After throwing 23 quality starts in 32 opportunities last season, good for sixth best in the National League, Mike Minor is off to another good start to the year in this regard. Three of his four starts have been quality starts, which speaks to the type of pitcher Minor is. For reference, a quality start is when a starting pitcher throws at least six innings and allows no more than three earned runs.
Minor’s efficiency and ability to pitch deep into the game is maybe his best trait so far in his career. Of his 32 starts last season, only twice was he unable to complete six innings of work. This year he has pitched six or more in all but one of his starts.
Going deep into games has trickle down effects on the roster. One of the reasons the Braves are able to maintain the top bullpen in baseball is that the starters are able to get into the later innings with leads intact or, at worst, still in the ballgame.
It was easy to be concerned about Fredi Gonzalez putting Minor back out there in the seventh inning last night after Minor was struggling through the fifth and sixth. The game was still very close and his pitch count was high, but Minor has built up enough rapport with Gonzalez and Roger McDowell to be given leeway in those types of situations. While he is not the "ace" of the staff, Minor is looked at as Mr. Reliable among the team and coaching staff. On a team with no assigned "ace," that has a ton of value.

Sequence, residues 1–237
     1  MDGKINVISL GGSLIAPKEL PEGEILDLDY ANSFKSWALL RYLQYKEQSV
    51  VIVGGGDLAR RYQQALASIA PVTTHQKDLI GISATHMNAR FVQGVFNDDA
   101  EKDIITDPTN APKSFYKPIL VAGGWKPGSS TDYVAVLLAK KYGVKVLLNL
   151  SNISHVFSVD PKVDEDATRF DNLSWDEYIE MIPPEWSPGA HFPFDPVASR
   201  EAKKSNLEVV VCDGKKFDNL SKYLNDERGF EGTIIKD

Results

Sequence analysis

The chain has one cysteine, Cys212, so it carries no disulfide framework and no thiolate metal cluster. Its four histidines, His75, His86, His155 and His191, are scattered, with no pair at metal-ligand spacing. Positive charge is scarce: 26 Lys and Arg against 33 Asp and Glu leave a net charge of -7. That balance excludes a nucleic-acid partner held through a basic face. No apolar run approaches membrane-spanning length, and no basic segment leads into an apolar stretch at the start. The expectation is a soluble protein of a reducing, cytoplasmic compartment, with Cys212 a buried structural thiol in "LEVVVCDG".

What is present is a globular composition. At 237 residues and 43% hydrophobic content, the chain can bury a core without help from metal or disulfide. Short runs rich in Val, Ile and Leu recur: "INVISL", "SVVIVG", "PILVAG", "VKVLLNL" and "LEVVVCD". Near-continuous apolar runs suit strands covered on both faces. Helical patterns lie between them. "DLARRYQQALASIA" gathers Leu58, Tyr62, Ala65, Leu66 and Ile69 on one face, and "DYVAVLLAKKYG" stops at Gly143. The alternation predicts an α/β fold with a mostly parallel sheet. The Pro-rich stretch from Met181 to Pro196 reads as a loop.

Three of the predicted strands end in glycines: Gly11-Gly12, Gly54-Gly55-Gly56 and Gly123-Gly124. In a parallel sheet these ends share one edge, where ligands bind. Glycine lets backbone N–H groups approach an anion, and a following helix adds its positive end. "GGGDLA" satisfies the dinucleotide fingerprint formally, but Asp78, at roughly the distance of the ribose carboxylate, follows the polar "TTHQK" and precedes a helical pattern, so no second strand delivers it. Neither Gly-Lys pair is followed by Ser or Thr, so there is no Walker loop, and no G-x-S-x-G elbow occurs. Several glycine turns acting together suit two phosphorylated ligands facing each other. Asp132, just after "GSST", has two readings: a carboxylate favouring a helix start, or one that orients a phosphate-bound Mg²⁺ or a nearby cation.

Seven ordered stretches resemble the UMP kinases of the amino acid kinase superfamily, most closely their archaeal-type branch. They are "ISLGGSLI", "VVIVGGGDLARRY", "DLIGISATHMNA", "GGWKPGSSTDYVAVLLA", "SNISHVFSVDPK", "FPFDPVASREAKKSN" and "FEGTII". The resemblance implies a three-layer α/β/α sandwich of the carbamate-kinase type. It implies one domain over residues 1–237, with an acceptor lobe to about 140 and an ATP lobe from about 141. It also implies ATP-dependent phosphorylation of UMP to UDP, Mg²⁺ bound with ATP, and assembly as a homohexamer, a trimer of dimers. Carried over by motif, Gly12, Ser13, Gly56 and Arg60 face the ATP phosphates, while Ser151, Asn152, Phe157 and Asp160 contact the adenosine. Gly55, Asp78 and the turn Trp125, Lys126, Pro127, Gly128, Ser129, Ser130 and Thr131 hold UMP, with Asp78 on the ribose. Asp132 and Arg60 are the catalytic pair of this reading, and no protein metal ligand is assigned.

Throwing 200 innings nowadays is no easy feat. Only 18 starters did so last season, including Minor and current Brave Ervin Santana. Whether it has to do with the starters being relatively inefficient with their pitches, injury prone or lacking the consistency to reach the mark, having a guy like Minor on the staff that start in and start out is close to guaranteed to throw six innings of competitive baseball is something most teams are envious of.
The overall picture from his first four starts has not been completely pretty, as his home run totals are high and he has been a bit more hittable than he has been the past two seasons. Even so, his strikeout rate and walk rate are close to in line with his 2013 season and his ground ball rate would be among the lowest in the game if he were a qualified starter – his is 33.8% which would be third in all of baseball and first in the National League. While most times you want to see a high ground ball rate, Minor is a strict fly ball pitcher which utilizes the Braves defensive strengths and allows him to net a low BABIP – just as his .272 and .252 marks the past two seasons detail.
Even though the results, specifically in his second start, have not been completely ideal, his xFIP and SIERA are right in line or better than last season. He should only continue to improve, especially now that his arm has thrown back to back 100 pitch outings.
While it is always a concern to give contract extensions to pitchers given the current rash of Tommy John surgery and other pitcher injuries, especially one who just had a shoulder issue, albeit minor, he seems to be the type of pitcher you want on your roster for a long time. He may never be a Cy Young candidate, but being that consistent cog in a rotation is nothing to scoff at.